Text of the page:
3D TV Could Make A Comeback With Glasses-Free Technology
August 17, 2012

3D TV Could Make A Comeback With Glasses-Free Technology

Lee Rannals for redOrbit.com — Your Universe Online

3D television is fighting for its life, but one new development in the field may be giving it its last leg to battle on.

Researchers from Fraunhofer Institute for Telecommunications will be unveiling at the IFA trade show in Berlin a new 3D technology for television sets that could be a game changer.

The biggest problem with adaptation of 3D television sets on a wide scale are the glasses that come with it. Not only are the glasses expensive, but people are finding they do not want to have to wear them while watching TV and movies for hours on in.

Glasses-free 3D television is not a new concept, but those prototypes being displayed at the International Consumer Electronics Shows the last few years have been a miss more than a hit. While looking at the current models, you feel like you are stuck staring at one of those Magic Eye portraits from the 1990s.

However, we don't have to be stuck cross-eyed when trying to view 3D TVs without glasses, because science has got our backs.

The 3D movies available now on Blu-ray players are based on two different perspectives, one for each eye. The current autostereoscopic prototype displays need five to ten views of the same scene, which flash quickly before the eyes to try and not be detected, thus making you feel stuck in a Magic Eye portrait, and also tempting you to stand on one leg and tilt to find the best viewing angle.

The researchers are taking the existing Blu-ray 3D content, and creating a "depth map" with the two images, thus echoing in a new generation of 3D television viewing.

“We take the existing two images and generate a depth map — that is to say, a map that assigns a specific distance from the camera to each object,” Christian Riechert, researcher at HHI, said in a press release. “From there we compute any of several intermediate views by applying depth image-based rendering techniques. And here´s the really neat thing: The process operates on a fully automated basis, and in real time.”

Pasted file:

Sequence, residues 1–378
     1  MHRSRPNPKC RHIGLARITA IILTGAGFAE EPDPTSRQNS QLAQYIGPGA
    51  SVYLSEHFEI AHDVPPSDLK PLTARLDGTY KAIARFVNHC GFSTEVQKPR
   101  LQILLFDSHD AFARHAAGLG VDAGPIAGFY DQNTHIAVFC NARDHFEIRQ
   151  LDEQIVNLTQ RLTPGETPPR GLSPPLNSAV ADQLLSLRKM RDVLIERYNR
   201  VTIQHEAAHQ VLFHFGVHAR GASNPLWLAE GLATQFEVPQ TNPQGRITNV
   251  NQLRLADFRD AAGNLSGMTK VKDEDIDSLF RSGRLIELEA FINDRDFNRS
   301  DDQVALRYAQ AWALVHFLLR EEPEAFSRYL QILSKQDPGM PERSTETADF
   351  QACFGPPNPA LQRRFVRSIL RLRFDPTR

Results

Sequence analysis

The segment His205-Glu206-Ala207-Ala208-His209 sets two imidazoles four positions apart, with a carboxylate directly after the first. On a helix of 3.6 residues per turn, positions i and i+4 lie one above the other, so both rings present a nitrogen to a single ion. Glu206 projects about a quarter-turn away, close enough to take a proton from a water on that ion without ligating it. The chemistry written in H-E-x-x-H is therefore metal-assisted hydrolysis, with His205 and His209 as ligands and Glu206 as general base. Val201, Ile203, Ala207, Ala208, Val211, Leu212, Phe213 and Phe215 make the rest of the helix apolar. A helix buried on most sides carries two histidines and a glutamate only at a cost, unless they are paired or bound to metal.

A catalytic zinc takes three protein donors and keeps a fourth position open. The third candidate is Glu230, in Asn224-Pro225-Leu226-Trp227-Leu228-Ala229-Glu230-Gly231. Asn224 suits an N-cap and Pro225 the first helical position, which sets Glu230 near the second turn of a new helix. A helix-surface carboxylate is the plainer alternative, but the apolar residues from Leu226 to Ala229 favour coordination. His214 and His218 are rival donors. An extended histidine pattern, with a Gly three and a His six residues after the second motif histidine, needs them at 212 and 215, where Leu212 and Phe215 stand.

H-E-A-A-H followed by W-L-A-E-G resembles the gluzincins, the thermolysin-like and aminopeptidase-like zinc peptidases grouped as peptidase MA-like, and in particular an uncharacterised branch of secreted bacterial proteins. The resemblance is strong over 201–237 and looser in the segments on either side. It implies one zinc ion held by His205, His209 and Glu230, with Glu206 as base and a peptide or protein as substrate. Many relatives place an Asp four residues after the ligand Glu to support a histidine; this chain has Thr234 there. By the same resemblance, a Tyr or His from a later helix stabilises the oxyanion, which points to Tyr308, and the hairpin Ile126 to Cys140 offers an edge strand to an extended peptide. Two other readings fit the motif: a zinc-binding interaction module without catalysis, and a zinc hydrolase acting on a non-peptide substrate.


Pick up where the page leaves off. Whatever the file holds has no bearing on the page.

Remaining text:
By "real time," he means watching these movies will be far less of a headache, both from your brain trying to compute a bunch of images for each scene, or having to adjust your eyes to peering through 3D glasses.

The previous autostereoscopic televisions were only able to generate depth maps at a slower pace, but in a real-time conversion, its a simultaneous operation.

The team said that the viewer inserts a 3D Blu-ray disc into their player, and is able to start enjoying the movie without glasses, and without crossing their eyes. The viewer is aware of nothing, receiving the same quality of 3D glasses Blu-ray movies, without the goofy specs.

Now, as exciting as this technology may be, it doesn't mean it is something you will be able to ask Santa to have for Christmas this year. The team believes they are still a year away from the technology hitting department store shelves.

They have finished the software that converts the data, and are now collaborating with industry partners to port the technology onto a hardware product so it can be integrated into televisions.